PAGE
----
Parents and caregivers commonly discuss children’s safety on the internet, and Digital Parenting resources offer guidance on how to protect them from the various hazards that exist online. People often depict the internet as a perilous environment for kids, and they rightfully do so.

It is crucial not to overlook the advantages that the internet provides us with, amidst the concerns about its potential hazards.

The potential dangers and risks of the internet can detract from the significant positive experiences that children and adolescents typically have online on a daily basis. She points out that this may result in an underestimation of the internet’s beneficial impact.

Niamh Ní Bhroin – Researcher at the University of Oslo

Despite spending more time online than their European peers, Norwegian children, and adolescents consistently report some of the highest levels of self-reported well-being. This may come as a surprise to parents who are accustomed to worrying about their children’s screen time.


Since screen time doesn’t have a uniform impact on children, what distinguishes beneficial screen time from harmful screen time for some children?

Ms. Ní Bhroin and her colleagues sought to address this question through their research. They conducted interviews with 1001 children between the ages of nine and 16, investigating their experiences both on and off the screen. Their findings were subsequently published in the journal New Media & Society.

During the survey, the children were asked questions about their family, including whether and how their parents monitored their internet use.

Ms. Ní Bhroin

The researchers also evaluated the children’s family and school environments by asking them to rate statements such as “My family is supportive” and “I feel secure at school,” Ms. Ní Bhroin explains. The number of hours spent online or the specific activities performed online do not appear to be the primary determinants of a child’s well-being. Rather, the researchers’ findings suggest that spending more time online leads to greater life satisfaction for children who have supportive family and school environments.



The notion that the same amount or type of screen time can affect different children in varying ways is not a novel idea. In 2021, Internet Matters conducted a survey of 14,449 children between the ages of 11 and 17. Of these, 6,500 children self-identified as having one or more vulnerabilities, such as being in foster care, having autism, or struggling with an eating disorder.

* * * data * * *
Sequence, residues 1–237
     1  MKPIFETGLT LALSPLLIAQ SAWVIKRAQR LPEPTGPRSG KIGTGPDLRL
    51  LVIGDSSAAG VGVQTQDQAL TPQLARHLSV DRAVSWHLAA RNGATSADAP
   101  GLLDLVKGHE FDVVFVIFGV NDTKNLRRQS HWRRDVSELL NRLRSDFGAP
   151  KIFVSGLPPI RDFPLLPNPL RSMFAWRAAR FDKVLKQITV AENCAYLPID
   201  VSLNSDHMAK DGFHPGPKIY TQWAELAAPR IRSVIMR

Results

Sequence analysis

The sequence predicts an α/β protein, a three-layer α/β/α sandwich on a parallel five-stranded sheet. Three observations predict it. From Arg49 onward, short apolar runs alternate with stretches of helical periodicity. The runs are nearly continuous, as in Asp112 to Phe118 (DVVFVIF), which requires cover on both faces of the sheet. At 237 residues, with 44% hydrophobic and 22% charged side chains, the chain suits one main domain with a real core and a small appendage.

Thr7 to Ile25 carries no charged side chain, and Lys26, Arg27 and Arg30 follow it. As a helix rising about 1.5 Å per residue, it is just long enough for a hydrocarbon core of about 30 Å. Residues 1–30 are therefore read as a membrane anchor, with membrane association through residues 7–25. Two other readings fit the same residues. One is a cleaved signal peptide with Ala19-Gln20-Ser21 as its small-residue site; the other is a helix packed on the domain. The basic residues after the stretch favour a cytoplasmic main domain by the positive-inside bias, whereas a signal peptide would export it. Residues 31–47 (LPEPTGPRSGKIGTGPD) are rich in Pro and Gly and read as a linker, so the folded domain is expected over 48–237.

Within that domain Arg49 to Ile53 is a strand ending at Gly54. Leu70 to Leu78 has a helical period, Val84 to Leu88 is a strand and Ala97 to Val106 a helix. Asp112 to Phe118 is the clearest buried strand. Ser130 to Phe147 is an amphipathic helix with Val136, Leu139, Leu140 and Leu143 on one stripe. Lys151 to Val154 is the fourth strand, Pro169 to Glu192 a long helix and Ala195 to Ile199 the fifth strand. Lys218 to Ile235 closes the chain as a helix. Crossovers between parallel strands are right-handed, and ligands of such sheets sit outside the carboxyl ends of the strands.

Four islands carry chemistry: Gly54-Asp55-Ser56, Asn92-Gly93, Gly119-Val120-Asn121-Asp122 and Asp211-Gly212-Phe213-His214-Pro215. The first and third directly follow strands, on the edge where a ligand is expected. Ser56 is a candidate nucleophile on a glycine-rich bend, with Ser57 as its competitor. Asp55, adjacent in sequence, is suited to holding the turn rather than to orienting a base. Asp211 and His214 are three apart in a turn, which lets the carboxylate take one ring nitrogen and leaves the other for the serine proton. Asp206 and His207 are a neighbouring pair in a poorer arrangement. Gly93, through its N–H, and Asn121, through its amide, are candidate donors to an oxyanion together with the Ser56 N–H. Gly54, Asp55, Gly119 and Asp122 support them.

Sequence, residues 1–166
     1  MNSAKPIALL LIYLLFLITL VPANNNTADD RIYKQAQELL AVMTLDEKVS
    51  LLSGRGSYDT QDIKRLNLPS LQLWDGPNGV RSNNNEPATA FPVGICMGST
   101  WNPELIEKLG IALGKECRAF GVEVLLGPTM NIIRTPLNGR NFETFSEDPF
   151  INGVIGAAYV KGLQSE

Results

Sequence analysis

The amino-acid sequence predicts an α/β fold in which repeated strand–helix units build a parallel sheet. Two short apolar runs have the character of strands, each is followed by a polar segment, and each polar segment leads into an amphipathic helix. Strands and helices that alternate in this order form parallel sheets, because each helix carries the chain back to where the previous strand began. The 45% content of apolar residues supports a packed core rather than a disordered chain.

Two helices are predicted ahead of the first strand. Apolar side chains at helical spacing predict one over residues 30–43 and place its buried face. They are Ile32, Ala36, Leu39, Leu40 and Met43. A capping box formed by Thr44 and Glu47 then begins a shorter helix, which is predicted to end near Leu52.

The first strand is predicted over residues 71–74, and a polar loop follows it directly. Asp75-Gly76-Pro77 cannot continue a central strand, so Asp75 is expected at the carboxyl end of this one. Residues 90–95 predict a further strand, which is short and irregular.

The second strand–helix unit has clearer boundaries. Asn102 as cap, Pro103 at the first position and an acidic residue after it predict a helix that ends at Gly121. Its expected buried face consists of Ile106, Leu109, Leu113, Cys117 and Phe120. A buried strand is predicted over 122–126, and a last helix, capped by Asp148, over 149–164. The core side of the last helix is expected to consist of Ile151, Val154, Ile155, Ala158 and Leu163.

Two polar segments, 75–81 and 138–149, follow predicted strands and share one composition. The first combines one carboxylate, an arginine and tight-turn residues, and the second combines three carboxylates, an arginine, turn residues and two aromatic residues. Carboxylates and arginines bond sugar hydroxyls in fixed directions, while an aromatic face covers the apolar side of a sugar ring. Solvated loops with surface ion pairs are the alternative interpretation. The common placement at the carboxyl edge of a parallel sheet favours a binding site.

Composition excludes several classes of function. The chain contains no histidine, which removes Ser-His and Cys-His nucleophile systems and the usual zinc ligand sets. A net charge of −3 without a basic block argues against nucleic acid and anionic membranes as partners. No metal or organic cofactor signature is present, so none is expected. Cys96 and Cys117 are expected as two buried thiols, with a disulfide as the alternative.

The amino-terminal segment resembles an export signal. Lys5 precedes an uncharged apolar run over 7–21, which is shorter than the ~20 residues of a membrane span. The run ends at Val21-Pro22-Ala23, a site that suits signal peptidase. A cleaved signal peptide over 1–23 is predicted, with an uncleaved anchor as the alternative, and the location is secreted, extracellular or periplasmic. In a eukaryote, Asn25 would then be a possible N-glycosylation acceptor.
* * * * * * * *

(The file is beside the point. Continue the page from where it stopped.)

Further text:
The study discovered that the UK’s most vulnerable two million children are 7 times more likely to experience harm online than their peers.

Feeling the Connection

The survey indicates that for even the most vulnerable children, it is not as simple as claiming that “screen time is dangerous.” The study acknowledges that while some vulnerable children may struggle to identify manipulative or controlling relationships online, this is not a universal experience. They note that young people can feel a sense of belonging and support, and some are even directed to online support groups by those who care for them.


The study’s findings are relatable to both parents and children. There are countless stories of teenagers around the world who are using digital platforms to enhance the lives and opportunities of their peers. According to the Internet Matters survey, approximately 69% of all teenagers, including vulnerable and non-vulnerable, feel that their online presence has provided them with a sense of connection and support.

According to the Internet Matters survey, while 62% of non-vulnerable teenagers agreed that the Internet opens up many possibilities for them, the figure was higher for vulnerable teenagers. Specifically, 86% of autistic teenagers in the survey and 82% of those with learning difficulties agreed with the statement.

Inside, Outside

According to the survey, owning a phone gives parents a sense of security, which results in their children have more freedom to explore the world on their own. According to the children, their mobile phones enriched their outdoor activities as they were able to listen to music and keep in contact with their parents and friends. It appears that with proper guidance and support, screen time can make children feel safer, healthier, and happier.